The past few years has seen virtual reality (VR) growing more and more in popularity. VR is making its way into many aspects of life, including virtual reality training programs. As a result, the opportunities to use it as learning and training tool are also expanding in interesting ways as we get more interests from various industries and government sectors.
However, VR can still be intimidating, and many are still not familiar with the terms of this fast-growing technology. In this post, we’ve compiled 10 virtual reality terms you should know before dipping your feet in the virtual pool.
1. Head Mounted Displays (HMD)
HMDs (also known as VR headset) are what people use to experience virtual reality. This comes in the form of a headset, like the Oculus Rift or Pico G2. HMDs sits on your head and are close in proximity to your eyes, allowing users to easily view and focus on a VR experience. HoloLens and Google Glass are also considered HMDs.
2. 360 Video
360 video is the building blocks of any virtual reality experiences. It can be viewed with or without a Virtual Reality (VR) headset. Facebook and YouTube support 360 videos that can be viewed without a VR headset. In a VR headset, viewers can watch it naturally by moving their head with a VR headset.
3. Interactive Virtual Reality
This means that the VR experience includes multiple layers of content that a user can experience. For example, with interactive virtual reality viewers are able to experience several types of media from images, 2D videos or even a pop-up browser. Viewers are in control of their actions and choose how they want to proceed in the experience.
4. Field of View (FOV)
The “field of view” in VR refers to how much the human eye sees in its normal field of vision. We don’t experience life in full 360-degrees as our maximum FOV is around 200-degrees. The best VR headsets would have fields of view that replicates our human eye.
5. Head Tracking
Head tracking is when a device follows and tracks your head movements throughout your virtual reality training programs or virtual reality experience. Most VR headsets these days comes with some form of head tracking in order to correctly adjust the visual output to your point of view. In short, when you look around in a VR experience, the video moves with you.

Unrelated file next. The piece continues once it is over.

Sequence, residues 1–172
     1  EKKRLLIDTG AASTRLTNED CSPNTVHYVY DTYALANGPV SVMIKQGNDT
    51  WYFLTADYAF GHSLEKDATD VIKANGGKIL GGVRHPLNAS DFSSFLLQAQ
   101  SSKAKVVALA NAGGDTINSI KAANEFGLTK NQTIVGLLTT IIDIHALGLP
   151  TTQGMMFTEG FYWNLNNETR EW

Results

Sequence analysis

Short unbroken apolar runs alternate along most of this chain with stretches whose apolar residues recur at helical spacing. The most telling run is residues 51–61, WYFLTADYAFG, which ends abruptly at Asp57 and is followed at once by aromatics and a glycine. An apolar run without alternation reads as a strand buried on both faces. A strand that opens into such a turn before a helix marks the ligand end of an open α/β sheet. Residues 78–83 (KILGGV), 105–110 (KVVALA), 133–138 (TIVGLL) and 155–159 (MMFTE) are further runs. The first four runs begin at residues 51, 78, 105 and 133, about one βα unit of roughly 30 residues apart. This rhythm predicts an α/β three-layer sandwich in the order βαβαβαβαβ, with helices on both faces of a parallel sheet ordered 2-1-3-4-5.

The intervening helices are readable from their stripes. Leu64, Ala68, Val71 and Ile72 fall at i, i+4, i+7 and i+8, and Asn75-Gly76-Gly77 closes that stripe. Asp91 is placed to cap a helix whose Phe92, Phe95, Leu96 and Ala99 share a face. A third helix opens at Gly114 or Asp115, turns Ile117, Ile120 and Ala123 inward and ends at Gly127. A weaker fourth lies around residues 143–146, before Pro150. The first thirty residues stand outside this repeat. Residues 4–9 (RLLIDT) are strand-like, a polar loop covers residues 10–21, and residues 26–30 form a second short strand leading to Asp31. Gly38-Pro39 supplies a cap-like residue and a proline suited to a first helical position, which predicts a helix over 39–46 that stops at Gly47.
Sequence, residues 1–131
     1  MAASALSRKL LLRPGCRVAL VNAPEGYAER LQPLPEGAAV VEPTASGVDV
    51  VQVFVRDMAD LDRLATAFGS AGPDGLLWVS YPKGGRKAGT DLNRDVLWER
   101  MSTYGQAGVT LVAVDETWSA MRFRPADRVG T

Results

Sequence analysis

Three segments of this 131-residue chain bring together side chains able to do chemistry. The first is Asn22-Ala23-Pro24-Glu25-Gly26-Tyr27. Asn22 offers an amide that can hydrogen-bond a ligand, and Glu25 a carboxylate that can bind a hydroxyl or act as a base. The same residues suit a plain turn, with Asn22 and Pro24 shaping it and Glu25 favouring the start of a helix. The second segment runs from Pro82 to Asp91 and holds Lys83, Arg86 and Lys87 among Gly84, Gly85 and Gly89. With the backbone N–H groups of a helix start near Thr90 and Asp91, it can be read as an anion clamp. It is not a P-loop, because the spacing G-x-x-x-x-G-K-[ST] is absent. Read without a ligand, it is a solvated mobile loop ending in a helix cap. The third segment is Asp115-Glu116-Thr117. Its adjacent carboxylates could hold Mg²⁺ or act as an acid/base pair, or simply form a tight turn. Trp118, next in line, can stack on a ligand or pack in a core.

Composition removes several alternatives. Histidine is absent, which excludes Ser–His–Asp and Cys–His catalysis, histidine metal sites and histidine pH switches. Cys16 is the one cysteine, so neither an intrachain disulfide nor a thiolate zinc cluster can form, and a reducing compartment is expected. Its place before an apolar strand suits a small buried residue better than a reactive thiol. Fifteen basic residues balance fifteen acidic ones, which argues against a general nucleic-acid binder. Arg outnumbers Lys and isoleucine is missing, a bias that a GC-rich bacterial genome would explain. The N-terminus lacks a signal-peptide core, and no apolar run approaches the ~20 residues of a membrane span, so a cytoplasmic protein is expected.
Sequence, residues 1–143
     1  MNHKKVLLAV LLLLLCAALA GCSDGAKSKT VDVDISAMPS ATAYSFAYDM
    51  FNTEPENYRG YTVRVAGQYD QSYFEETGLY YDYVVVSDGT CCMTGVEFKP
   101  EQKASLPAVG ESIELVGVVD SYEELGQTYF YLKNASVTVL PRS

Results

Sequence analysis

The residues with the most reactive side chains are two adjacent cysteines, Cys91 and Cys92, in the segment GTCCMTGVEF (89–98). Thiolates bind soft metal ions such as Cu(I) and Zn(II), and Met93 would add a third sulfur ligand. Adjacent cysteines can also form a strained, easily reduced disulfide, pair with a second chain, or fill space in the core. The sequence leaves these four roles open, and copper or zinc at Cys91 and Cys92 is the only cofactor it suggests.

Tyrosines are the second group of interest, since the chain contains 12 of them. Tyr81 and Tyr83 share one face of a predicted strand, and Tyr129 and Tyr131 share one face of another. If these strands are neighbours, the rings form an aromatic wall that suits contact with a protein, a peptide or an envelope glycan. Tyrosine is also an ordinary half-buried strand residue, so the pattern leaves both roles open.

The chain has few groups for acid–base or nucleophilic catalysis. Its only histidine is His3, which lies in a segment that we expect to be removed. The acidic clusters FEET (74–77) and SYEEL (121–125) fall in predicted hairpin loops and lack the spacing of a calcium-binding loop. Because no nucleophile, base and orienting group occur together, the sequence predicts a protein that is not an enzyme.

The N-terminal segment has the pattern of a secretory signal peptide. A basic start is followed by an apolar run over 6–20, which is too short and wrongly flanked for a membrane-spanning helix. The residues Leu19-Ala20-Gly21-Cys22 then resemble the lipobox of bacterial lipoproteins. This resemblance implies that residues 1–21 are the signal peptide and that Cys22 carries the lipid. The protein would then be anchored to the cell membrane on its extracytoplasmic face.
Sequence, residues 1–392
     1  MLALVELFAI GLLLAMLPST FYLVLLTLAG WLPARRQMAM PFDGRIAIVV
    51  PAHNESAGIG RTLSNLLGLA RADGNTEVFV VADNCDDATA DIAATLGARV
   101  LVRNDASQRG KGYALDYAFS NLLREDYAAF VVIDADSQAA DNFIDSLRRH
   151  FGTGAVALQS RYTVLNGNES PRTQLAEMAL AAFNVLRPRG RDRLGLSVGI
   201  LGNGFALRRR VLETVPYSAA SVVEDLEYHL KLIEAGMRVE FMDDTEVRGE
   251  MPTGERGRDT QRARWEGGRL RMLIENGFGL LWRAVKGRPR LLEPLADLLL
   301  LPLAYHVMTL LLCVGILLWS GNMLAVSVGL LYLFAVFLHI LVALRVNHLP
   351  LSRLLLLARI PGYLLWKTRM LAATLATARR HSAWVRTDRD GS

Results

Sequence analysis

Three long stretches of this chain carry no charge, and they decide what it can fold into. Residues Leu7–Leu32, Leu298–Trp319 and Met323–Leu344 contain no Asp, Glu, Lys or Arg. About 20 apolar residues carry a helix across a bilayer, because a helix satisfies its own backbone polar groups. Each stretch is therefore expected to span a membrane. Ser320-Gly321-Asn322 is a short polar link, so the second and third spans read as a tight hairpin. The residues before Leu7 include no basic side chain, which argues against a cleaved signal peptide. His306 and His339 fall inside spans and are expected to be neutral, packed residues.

6. Eye Tracking
Similarly, eye tracking is when eye movement is tracked instead of head movement. Eye-tracking analytics can provide valuable insights into a user’s attention while in the VR experience. What are users focusing on? Which detail generates the biggest reaction? Which the most positive or negative?
A heatmap is an analytical tool used to show what a user is looking at within a VR experience. It is based on a system of color-coding such as red (“hot”) to blue or green (“cold”) that maps out the focus of the user’s attention. In the context of websites, heatmaps identify areas of interest by measuring cursor movement or clicks. On the other hand, heatmaps in VR usually map the patterns of the user’s gaze.
8. Stereoscopic Video
This refers to what is done to a video to make it appear three-dimensional. Using two different images to simulate and create the illusion of depth in the image, it makes the VR experiences feel much more immersive and natural than monoscopic videos.
To create a Virtual Reality training video or VR experience, 360 video is captured using several cameras. These shots are then “stitched” together in post-production to create a complete 360-degree experience. A good VR experience should have zero to none seams as stitching errors pull viewers out of an experience.
10. 3D Audio
Also known as binaural audio, 3D audio puts you in the exact sound field as originally intended, creating a more realistic soundscape for the user. The use of 3D audio gives us the ability to immerse people more deeply into virtual environments, but also create sounds that are more authentic to our ears.